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Omaha Magazine

Kay Brown

Nov 25, 2014 08:00AM ● By Jason Kuiper

Animal lover and volunteer Kay Brown isn’t one to shy away from hard work. Her busy life includes her job of working with disadvantaged teens, her yoga classes, her volunteer hours for the Nebraska Humane Society, and her horses.

Brown loves all animals, but one look around her rural Omaha home and visitors know which animal reigns supreme in her heart—the majestic horse. Of course.

“Yeah it doesn’t take long to know this lady loves horses,” Brown says referring to her living room. A quick glance around and you see horse pictures, horse lamps, horse statues, a horse calendar… oh, and by the front door is the obligatory horse riding equipment. Yes, Kay Brown is serious about her horses. She currently has two horses. One is hers and the other is a rescue horse that she is working to rehabilitate.

Brown first caught the horse bug when she was a young girl growing up on a farm outside of Flandreau, S.D. An older sister had a horse and Brown first started helping out and doing chores to care for the animal. It was then that she developed her work ethic.

“Being the youngest, I pretty much got all the jobs at the bottom of the rung,” she said.

Nowadays, Brown is used to being tapped to do, well, just about anything.

Early on at the first International Omaha, a world-class, worldwide horse jumping competition held each year at the CenturyLink Center Omaha, Brown became the go-to person for those in need.

“Kay can you...” was heard early and often there. Brown takes it all in stride and has the rare yet highly sought gift of always keeping her cool. Her jobs at the International have included giving tours to school kids and groups. She loves dealing with all the youngsters, especially the ones whose attention spans tend to drift. “I’m right there with them. I think they’re great,” she said of some of the groups.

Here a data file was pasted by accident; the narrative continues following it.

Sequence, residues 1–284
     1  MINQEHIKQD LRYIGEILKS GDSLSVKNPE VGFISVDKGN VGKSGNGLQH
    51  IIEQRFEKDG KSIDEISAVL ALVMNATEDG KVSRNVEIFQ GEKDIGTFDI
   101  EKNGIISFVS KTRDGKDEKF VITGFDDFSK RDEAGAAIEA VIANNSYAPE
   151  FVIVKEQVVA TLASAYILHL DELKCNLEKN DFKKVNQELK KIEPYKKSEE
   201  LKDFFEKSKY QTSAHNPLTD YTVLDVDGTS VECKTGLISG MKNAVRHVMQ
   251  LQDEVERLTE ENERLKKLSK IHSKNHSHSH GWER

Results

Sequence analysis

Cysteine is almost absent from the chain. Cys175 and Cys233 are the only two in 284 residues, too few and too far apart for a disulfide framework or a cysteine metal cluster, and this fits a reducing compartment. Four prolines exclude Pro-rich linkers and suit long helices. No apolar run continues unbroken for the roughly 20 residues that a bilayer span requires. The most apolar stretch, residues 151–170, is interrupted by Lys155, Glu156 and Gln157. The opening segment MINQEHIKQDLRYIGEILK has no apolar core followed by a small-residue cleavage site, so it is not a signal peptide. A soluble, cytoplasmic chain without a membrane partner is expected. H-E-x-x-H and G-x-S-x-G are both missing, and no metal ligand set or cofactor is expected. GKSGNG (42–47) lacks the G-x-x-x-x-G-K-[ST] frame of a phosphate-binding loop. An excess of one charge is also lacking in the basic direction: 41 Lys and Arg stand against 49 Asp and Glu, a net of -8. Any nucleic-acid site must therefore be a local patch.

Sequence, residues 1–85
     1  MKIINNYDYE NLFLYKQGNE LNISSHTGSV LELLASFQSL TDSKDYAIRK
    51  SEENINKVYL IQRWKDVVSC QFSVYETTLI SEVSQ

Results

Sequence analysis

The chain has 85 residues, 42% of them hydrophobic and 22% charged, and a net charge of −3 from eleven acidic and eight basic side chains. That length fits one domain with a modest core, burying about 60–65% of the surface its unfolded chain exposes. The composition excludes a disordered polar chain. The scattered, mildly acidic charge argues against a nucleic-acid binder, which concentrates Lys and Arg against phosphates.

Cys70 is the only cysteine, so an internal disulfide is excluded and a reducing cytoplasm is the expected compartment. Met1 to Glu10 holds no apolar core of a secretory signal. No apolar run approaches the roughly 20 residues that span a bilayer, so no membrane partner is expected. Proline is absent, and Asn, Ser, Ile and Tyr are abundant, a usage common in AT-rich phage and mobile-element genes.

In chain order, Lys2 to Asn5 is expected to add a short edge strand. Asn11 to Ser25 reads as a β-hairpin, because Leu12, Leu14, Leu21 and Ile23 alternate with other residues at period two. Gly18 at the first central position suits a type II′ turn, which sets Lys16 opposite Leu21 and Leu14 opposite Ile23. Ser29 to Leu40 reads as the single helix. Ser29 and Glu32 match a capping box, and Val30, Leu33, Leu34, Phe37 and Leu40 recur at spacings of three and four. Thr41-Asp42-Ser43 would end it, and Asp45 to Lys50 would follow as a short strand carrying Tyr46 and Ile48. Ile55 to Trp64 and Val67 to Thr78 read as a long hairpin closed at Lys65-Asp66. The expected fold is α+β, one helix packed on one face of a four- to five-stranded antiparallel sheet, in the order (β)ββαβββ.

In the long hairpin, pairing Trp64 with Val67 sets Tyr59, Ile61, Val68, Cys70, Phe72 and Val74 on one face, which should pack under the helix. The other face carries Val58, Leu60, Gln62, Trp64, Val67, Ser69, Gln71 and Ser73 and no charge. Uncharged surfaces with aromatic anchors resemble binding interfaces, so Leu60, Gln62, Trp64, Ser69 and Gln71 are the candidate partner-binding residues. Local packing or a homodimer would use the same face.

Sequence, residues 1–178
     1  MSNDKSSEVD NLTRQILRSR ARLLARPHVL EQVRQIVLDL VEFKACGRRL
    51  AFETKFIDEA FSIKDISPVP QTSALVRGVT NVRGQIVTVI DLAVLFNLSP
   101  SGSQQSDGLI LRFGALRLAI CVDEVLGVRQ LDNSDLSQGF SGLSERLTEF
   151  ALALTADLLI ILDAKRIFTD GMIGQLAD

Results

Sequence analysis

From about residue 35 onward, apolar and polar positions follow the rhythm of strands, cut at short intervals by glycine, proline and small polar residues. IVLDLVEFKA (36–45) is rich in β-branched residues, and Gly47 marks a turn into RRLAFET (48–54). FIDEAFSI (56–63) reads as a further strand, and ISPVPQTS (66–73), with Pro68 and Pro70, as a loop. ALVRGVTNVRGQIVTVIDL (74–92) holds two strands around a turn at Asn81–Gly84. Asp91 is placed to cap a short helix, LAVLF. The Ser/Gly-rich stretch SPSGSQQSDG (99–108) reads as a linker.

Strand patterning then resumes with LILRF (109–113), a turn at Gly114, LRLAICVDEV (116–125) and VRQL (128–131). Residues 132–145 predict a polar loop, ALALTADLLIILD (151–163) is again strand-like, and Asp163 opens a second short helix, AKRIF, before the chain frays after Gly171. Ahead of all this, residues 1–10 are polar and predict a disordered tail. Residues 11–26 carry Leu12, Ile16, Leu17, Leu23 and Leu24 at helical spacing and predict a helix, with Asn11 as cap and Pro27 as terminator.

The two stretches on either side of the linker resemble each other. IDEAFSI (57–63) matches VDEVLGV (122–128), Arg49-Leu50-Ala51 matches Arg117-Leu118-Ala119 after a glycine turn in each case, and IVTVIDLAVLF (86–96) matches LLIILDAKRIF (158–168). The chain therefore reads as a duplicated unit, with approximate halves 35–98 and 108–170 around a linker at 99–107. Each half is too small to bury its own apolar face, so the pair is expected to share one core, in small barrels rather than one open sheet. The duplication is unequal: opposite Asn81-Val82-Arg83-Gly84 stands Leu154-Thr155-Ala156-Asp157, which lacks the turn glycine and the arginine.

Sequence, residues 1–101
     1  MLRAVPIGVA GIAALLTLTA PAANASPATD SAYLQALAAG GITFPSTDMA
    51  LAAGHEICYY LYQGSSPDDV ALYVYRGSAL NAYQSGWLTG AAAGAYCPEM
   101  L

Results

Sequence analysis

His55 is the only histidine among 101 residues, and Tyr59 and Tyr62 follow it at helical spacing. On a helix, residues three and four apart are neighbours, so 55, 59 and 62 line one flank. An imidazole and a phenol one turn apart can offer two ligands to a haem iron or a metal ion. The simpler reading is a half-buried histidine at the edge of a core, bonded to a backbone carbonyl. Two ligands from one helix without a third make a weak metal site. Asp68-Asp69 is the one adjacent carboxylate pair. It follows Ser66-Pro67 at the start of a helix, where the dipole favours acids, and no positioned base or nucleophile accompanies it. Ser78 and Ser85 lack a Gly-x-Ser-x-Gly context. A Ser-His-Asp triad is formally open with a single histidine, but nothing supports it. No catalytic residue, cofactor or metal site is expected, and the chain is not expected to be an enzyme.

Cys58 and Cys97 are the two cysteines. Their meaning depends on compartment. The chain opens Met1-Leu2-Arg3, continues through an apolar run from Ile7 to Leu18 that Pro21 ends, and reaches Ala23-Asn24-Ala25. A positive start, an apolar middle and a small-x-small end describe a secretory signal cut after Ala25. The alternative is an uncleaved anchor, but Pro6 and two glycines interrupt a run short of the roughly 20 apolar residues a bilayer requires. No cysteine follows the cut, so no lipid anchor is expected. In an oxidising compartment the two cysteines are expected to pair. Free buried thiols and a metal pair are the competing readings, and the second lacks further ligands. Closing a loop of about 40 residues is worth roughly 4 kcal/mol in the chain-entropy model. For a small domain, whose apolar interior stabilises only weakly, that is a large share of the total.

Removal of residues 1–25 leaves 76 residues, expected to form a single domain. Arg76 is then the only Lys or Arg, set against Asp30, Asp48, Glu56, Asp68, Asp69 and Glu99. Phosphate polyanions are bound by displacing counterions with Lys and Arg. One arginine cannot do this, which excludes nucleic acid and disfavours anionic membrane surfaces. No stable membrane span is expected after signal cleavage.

Other times she’s playing chauffeur, taking out-of-towners around the city during their stay. Or she’ll just make the rounds to the different stalls, checking to see what the riders and their crews might need, fulfilling any last-minute requests for items that may have been forgotten or misplaced.

“It’s all different but I love it all,” she says. “It’s pretty much go, go for four days, 24 hours.”

And then there’s the job Brown often finds herself doing that isn’t for the sensitive of stomach or smell. With a sturdy “muck rake” Brown gets down and dirty and starts to shovel doo-doo.

“There’s a lot of it,” she says. “A single horse can produce 50 pounds a day.”

It’s a job that not everyone would be able to tackle with aplomb, but Brown does.

“I come from a family where you just help people,” Brown says with enthusiasm.

All the help and work also have a side benefit for the diminutive Brown. She stays in fantastic shape. A former fitness instructor and Tai Chi practitioner, Brown is becoming more “seasoned” rather than aging. Working with horses, doing chores, Brown isn’t going soft.

Don’t believe her? She’ll tell you to poke a finger at her rock-hard obliques.

“That’s from a lot of raking, a lot of throwing hay,” she says, explaining how she stays so fit. “It’s cross fit on the farm.”.


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